(TNS) — Governments have long struggled to get more people to take mass transit.
Not surprisingly, ridership has plummeted in San Diego and across the nation amid the COVID-19 crisis. That could have devastating consequences for transit districts.
But the real long-term question is whether they can convince commuters to board buses, trolleys and trains in sufficient numbers in the post-coronavirus world.
Hundreds of billions of dollars in sweeping transportation proposals in San Diego County, controversial before the health crisis hit, could be jeopardized in a future where both employees and employers are more comfortable with telecommuting.
If working remotely becomes permanent in a big way once the crisis subsides, that will raise questions about the plans for miles and miles of high-speed trains under a plan being developed by the San Diego Association of Governments, as well as how much San Diego Metropolitan Transit System should eventually expand service.
SANDAG Executive Director Hasan Ikhrata has said the goal is to increase transit ridership by 10 percent in the coming decades. That may not sound like much on its face, but he said it was enough to create "100 years of capacity" to local freeways, which would also become more efficient with new technologies smoothing traffic flow.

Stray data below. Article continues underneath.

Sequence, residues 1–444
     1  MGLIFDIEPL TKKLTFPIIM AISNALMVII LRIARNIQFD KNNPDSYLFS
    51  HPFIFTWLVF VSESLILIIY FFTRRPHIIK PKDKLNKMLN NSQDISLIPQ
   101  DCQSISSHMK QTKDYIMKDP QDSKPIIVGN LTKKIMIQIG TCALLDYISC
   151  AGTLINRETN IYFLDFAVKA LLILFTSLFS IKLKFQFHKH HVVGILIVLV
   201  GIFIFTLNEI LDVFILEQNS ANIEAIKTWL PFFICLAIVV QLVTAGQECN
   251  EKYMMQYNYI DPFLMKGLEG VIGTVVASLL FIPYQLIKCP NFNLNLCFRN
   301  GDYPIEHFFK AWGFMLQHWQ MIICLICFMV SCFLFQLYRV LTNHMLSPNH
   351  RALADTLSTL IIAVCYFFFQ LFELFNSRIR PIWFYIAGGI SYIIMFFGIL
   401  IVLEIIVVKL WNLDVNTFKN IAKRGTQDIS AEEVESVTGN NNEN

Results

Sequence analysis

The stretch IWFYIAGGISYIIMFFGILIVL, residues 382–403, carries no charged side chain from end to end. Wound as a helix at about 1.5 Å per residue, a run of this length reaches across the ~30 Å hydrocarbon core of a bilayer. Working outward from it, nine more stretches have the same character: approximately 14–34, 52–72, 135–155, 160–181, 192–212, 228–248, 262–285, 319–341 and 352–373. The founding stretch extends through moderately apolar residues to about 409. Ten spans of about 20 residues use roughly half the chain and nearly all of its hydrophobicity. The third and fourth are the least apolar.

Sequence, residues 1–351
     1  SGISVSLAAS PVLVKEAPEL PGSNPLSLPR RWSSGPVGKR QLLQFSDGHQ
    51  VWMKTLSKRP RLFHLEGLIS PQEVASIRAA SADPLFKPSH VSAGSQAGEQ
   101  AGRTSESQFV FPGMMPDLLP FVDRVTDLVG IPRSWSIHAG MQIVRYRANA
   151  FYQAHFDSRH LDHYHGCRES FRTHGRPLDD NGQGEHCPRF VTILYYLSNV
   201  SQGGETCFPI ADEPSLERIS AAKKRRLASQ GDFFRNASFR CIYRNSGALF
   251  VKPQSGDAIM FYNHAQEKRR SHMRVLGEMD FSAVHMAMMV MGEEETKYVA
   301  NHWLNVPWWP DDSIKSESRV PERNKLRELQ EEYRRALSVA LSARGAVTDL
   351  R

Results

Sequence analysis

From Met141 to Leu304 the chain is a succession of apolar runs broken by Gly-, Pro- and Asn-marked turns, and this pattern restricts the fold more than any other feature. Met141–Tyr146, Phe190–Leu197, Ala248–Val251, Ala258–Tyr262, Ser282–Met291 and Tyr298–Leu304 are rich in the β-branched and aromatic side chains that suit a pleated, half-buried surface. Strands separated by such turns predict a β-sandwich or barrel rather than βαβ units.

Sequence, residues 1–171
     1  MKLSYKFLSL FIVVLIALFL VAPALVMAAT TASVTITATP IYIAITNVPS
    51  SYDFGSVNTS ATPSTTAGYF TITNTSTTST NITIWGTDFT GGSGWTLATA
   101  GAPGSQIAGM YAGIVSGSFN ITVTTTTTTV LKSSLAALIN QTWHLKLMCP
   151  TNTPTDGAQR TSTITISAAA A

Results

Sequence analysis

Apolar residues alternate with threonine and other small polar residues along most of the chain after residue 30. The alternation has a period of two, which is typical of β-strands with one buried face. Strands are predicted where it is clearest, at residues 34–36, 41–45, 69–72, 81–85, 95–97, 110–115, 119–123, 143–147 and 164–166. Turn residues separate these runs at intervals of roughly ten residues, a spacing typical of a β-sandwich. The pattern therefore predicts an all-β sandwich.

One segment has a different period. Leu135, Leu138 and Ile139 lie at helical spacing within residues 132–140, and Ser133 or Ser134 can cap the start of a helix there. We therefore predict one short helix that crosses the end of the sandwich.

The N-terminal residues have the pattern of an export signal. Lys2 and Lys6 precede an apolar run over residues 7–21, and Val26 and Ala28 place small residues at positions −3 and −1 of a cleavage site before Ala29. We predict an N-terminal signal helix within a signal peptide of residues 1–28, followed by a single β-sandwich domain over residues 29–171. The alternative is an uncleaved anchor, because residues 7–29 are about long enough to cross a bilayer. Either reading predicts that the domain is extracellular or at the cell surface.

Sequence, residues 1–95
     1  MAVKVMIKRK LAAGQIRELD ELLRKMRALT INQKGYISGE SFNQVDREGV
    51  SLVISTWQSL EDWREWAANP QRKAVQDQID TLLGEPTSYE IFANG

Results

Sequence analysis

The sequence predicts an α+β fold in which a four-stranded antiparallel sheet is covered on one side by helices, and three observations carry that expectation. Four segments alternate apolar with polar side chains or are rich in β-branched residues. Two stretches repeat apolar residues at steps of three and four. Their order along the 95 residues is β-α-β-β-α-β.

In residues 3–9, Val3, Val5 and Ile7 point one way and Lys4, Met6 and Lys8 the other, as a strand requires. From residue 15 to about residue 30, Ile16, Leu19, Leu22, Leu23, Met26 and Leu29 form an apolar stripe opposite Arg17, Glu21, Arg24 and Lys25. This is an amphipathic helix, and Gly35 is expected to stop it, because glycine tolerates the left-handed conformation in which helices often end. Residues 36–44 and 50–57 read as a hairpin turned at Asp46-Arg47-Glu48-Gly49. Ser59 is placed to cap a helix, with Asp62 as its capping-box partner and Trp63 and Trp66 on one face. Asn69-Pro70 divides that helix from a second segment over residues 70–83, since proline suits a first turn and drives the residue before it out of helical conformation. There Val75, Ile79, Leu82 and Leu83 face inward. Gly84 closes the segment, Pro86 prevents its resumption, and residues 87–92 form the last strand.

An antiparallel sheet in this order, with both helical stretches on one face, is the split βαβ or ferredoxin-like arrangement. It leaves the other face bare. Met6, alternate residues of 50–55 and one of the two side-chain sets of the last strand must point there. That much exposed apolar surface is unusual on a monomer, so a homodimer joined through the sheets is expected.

Another goal of the system would be to reduce greenhouse gas emissions to levels mandated by the state.
It would seem squeezing 10 percent out of automobile commutes can eventually be achieved by increased telecommuting, avoiding the huge costs of a vastly expanded transit system.
"It's really hard to say now," Ikhrata said in an interview Monday. "First of all, it's a crisis for all of us and we have to get through it."
Clearly, the long-term reality is uncertain. How and whether the outbreak may ultimately reshape thinking on transit, not to mention so many other aspects of daily life, remains to be seen.
Ikhrata said it's highly unlikely in the future that people will be working remotely at the level they are today. He questioned whether enough would continue to do so to make an impact on transportation needs, though he would welcome it.